SEAL Team’s biggest star is a three-year-old Belgian Malinois named Dita who plays an explosives detection dog on the show. Dita’s handler, Justin Melnick, trained her for a real-life search and rescue in a small town in Indiana. Eventually, Melnick switched her focus to be on narcotics detection.
“Everything we do on the show is for real, and it’s all training for her,” Melnick says.
The CBS military drama follows the lives of the most elite unit of Navy SEALs. The team takes on extremely dangerous and high-stakes missions defending our country. Jason Hayes (David Boreanaz) leads the highly-skilled team including Ray Perry (Neil Brown Jr.), Sonny Quinn (AJ Buckley), and Clay Spenser (Max Thieriot). In the face of extreme danger, the team must work together to display their fearless dedication against overwhelming odds.
In an interview with Variety, trainer Justin Melnick goes into detail about his experiences training Dita for the show.
“My roommate had gotten Dita — he’s a K9 officer for a larger city department — and he ended up not being able to keep her,” Justin explained. “Our narcotics K9 at the time retired because he had been in service for eight or nine years, and we work on a very limited budget in the small town — we have five full-time officers and 24 reserves, part-time officers. So I took Dita and started training her.”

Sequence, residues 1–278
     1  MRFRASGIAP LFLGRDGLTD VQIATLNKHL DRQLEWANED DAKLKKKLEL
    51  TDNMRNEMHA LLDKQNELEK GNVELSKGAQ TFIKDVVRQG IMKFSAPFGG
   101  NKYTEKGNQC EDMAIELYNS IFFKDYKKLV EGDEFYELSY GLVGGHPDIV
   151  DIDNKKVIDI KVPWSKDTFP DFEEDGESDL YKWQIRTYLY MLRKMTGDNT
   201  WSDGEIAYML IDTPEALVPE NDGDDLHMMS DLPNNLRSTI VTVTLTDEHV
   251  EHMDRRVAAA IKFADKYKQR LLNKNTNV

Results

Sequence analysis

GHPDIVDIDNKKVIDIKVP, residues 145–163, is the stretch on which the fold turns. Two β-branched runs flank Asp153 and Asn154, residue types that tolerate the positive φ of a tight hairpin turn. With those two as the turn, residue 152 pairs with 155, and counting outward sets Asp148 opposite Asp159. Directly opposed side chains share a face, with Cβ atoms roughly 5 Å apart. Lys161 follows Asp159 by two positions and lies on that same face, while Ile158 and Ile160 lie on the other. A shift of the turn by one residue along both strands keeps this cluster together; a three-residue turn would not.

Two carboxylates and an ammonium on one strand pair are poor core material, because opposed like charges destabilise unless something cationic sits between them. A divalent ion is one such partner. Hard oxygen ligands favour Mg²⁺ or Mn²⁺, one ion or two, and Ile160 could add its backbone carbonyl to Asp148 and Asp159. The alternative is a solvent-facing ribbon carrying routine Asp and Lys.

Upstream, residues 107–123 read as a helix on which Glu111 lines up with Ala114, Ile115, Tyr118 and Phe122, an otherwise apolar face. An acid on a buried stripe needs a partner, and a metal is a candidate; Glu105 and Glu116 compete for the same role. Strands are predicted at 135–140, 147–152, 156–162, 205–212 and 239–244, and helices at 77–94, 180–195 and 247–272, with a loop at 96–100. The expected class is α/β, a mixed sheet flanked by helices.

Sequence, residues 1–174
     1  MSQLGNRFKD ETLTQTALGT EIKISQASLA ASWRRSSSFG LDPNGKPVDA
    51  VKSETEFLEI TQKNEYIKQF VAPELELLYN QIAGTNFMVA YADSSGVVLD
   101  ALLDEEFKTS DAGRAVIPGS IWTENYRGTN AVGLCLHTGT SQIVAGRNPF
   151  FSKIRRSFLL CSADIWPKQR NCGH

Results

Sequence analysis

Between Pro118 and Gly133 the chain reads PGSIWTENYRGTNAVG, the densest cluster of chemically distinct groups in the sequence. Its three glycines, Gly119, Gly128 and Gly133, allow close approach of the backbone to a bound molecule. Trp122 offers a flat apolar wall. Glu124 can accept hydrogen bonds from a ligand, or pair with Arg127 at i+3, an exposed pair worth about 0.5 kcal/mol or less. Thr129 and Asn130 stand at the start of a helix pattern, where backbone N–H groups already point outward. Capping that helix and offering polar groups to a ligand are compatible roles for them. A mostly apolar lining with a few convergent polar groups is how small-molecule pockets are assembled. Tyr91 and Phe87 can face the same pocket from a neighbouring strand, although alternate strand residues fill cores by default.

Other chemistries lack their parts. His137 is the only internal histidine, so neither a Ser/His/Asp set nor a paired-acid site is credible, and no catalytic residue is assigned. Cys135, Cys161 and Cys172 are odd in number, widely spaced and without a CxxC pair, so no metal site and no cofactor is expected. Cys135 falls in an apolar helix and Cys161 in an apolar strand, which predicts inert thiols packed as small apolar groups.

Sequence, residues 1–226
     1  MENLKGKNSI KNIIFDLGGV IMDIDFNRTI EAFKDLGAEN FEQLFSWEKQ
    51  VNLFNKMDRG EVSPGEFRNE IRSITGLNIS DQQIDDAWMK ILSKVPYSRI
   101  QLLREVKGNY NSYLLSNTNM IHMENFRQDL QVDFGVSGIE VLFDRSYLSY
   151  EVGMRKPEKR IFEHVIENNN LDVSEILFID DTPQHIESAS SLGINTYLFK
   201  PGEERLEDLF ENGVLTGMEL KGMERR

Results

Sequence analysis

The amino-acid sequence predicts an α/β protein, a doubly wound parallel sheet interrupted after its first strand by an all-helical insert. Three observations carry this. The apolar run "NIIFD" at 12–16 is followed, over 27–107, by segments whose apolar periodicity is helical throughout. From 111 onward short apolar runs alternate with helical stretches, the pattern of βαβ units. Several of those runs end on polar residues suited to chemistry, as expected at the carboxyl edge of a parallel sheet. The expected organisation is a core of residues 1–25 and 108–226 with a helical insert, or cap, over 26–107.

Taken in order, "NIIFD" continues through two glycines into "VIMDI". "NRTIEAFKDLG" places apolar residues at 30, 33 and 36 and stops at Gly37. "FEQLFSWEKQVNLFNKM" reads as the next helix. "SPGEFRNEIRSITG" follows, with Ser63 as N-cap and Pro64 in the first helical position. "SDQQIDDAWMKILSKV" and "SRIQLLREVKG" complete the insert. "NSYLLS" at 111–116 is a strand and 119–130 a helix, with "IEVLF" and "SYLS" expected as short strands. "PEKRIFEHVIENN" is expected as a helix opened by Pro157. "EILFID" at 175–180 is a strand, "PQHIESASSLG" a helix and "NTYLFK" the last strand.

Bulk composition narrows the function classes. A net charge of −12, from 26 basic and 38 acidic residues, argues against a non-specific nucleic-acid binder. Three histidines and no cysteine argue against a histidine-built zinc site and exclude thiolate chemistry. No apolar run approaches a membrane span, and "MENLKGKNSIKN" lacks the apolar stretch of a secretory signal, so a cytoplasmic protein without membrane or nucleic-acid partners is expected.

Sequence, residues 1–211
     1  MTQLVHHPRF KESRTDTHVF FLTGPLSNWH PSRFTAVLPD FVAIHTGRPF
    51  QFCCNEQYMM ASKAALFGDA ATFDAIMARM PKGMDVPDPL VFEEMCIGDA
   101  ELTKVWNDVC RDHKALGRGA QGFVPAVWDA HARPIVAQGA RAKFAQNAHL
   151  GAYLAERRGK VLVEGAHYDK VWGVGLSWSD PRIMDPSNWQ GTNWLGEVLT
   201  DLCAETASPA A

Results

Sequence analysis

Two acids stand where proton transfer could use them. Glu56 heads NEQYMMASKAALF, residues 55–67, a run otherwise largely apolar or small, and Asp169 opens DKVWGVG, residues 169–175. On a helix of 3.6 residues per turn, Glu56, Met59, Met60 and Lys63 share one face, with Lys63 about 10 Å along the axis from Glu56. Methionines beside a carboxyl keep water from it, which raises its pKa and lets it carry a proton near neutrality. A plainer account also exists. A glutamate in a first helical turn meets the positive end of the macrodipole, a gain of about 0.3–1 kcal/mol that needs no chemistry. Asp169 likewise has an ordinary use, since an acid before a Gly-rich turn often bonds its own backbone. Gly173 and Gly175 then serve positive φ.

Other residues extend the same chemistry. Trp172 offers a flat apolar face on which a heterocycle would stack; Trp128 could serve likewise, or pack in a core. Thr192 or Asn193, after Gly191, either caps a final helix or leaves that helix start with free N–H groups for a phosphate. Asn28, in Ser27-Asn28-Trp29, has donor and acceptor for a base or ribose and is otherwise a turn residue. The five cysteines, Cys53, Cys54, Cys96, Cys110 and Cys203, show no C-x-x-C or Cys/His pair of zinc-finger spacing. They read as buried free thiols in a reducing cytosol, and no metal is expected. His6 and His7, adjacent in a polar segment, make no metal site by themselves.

SEAL Team Actor Never Had a Dog
Melnick never had a dog growing up which makes his attachment to Dita that much more special. He admits his emotions run high working with Dita on the show.
“I wish I could take credit for everything she does,” said Justin. “I’ve never had a dog in my life, but I work well with Dita. Dog trainers have this saying that “Your emotion runs up and down the leash,” so she can feel what you’re thinking just conducted through the leash. It’s just a bond. I’ve never had anything in my life like it.”
The SEAL Team actor gushed about life on the show with Dita saying, “After the last nine months of my life, I cannot imagine doing anything else ever again. I’m head over heels in love with absolutely all of it, from the creative process of production to post. It’s so much fun. You get to run around and play dress-up every day. Yeah, the cost in the real world is very great, but if we can bring the story of what these guys go through at home and at work — it’s such a specialized unit that most people don’t really understand it. To most people Navy SEALs don’t cry, they don’t bleed, but they’re human, and they pay the greatest sacrifice. It’s been 17 years. It’s been a long war.”